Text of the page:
Last July I logged a post -"Whither The Young Designer" - subsequent to a dinner I had with a friend who owned and managed a pretty powerful retail spot in downtown Manhattan. The upshot of her projections? A lot of designers, especially the "young and emerging" contingent were headed for serious trouble and would be off the runway soon. Our lady of prescient hiss thought the bloodbath would be in September. She was wrong. It came in December, a retail debacle like I have never seen in my life.
My lady was furious with me after that post blew the hell up ( via a pick-up by NY Mag's The Cut) . She felt I took lunches and dinners with a tape recorder rolling. For months I kept assuring her that was just the nature of the beast that is my restless mind. It is only today at a New Year's day brunch that we made amends. Maybe because I was clobbered in gear I had scooped up at 70% off she warmed to my company like it were old times. After brunch we took a walk through Barney's which I have taken to haunting daily just to prove it wasn't all a strange dream. My lady wanted to see how her best adversary was doing . Well there we were on Jan 1 and it seems the deluge has subsided. Spring was in-store and it was seriously full price, like the Givenchy leather shorts clocking in at around 4K. The new Balenciaga, Lanvin, Rick Owens and Margiela were all hanging on their spare racks, judiciously curated and looking like fashion-clique war armor posturing in competing corners. And yes, prices were hovering up to that rather optimistic 4K figure. The merchandise, as was logical was super-safe , black/gray/navy coats...jumpers...sheer-T-s, basic but luxurious, tentative and inoffensive. Let's just say a lot of that fuschia lace from Givenchy Spring 09 was MIA on the Barney's racks and while the Margiela mannequin wore those instantly legendary sequined tights, said tights were not to be seen on the shelf. Maybe it's by special request?
Knowing I'd be chronicling, Our Lady was very self-censorious in her perspective on Barney's buying strategy but she did share an interesting point-of-view after our trek . " The problem we're all going to have in retail for the next six months," she sighed "Is that everybody is going to remember that they bought all these super-exclusive labels dirt cheap. Its going to take a long time for people to forget that. And people bought a lot of all the basic things they've always wanted. Everybody who ever wanted a Lanvin dress now has one. The only way I'm going to get the fashion victims back now is if I trick them. "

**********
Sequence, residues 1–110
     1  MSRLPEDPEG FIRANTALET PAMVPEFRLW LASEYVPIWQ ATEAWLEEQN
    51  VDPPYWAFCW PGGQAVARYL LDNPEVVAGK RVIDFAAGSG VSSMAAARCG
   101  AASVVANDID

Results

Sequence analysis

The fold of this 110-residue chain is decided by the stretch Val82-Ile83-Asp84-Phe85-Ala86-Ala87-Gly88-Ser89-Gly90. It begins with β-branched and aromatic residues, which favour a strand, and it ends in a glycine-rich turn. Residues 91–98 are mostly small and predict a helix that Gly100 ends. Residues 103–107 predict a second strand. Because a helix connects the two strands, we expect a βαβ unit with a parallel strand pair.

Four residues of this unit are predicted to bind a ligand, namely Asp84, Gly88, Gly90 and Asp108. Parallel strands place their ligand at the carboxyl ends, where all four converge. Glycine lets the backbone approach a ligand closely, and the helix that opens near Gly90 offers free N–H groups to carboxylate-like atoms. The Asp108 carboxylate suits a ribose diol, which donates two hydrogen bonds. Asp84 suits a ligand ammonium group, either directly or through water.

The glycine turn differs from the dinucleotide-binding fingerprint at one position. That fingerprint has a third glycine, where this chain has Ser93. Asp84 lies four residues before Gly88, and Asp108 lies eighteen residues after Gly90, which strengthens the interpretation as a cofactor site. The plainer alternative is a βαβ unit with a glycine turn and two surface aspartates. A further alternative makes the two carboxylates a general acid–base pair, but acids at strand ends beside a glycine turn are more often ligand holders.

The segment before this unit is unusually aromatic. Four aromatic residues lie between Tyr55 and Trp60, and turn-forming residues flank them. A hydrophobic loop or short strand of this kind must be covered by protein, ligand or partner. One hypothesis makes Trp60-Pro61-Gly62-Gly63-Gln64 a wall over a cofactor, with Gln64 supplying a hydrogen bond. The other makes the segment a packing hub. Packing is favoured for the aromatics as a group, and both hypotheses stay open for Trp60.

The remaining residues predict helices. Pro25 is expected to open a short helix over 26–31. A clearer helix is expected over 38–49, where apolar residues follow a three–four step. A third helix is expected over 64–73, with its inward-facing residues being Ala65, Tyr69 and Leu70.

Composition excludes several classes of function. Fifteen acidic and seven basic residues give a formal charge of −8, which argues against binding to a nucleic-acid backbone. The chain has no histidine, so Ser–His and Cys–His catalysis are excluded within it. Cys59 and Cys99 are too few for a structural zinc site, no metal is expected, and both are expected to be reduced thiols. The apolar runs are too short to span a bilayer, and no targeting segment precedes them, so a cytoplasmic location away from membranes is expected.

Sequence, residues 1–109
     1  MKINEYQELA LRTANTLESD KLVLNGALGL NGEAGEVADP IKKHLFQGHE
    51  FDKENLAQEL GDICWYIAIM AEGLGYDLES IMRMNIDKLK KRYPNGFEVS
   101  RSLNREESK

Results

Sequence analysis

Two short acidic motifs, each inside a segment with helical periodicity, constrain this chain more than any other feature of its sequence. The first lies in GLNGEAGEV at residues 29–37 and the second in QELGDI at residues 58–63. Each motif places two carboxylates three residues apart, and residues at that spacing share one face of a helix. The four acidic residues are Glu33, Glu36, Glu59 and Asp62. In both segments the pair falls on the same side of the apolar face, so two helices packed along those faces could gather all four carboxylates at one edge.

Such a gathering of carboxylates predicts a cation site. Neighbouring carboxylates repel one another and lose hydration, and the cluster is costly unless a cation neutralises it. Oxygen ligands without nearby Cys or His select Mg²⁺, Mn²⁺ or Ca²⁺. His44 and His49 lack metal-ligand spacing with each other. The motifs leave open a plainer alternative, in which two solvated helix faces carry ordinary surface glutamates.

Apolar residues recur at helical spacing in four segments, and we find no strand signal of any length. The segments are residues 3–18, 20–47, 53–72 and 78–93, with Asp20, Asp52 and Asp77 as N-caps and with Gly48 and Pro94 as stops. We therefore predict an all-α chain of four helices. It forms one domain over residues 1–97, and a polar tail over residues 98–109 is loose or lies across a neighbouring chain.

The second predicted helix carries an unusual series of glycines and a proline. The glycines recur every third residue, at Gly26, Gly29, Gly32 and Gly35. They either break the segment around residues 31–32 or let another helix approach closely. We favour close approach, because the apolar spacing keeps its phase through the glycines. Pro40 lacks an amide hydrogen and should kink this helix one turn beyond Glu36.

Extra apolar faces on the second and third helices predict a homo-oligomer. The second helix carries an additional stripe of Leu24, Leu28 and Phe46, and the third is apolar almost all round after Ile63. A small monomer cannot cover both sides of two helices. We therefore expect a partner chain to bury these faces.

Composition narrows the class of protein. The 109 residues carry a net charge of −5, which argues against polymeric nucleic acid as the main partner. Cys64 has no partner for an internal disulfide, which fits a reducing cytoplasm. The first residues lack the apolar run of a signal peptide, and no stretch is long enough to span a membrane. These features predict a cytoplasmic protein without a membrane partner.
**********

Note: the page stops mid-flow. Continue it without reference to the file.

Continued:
She didn't wait for my "how" before venturing, " Special pieces. Limited edition. Maybe only 5 of a certain thing. The whole Colette idea of pieces exclusive to the store. I'm going to focus on accessories and focus on shoes which now sound affordable next to bags. I'm going to start pushing very strong jewelry. I'm going to use the word avant-garde a lot because if you're really into fashion and your whole job depends on going out and drawing attention from your looks then you're going to be disgusted by the fact that everybody is wearing all the same things. Now is a terrible time to look bourgeoise. What does bourgeoise mean anymore? If I'm going to have fewer customers then I'm going to treat them like rock stars and dress them like rock stars. We're cutting it down to the hardcore true believers now. Specialness. "
I admired that commitment and it also inspired me. The credit lines might run out but creativity is infinite. I thought about my own personal reaction to the coiling clouds of doom and gloom. Money, it' s a fantastic thing but its also terrible when it becomes the only thing, the only index by which people measure their self worth. In fact let me be honest and say I've always been confused by that company that expected homage because they were monied. Money is necessary but it was never a virtue. And as fashion over the past three years started to be become completely a proposition of money, as mediocre designers started to put out lazy and perfunctory designs and heave that they were "luxurious", something got lost that I hope might come back now . That is the part of fashion that is about being a passionate, creative person pursuing excellence in craftsmanship and quality because that was what their soul drove them to do. That deserves to be bought. From Balenciaga to Rick Owens, Azzedine Alaia, Martin Margiela and Comme des Garcons, I still get a crackle, this transmission that even if the money dwindled to nothing, something beautiful and passionate, even if 1 look, 1 dress would still come out of those houses. And then somebody would buy it. That one perfectly wrought, painstakingly crafted visionary thing.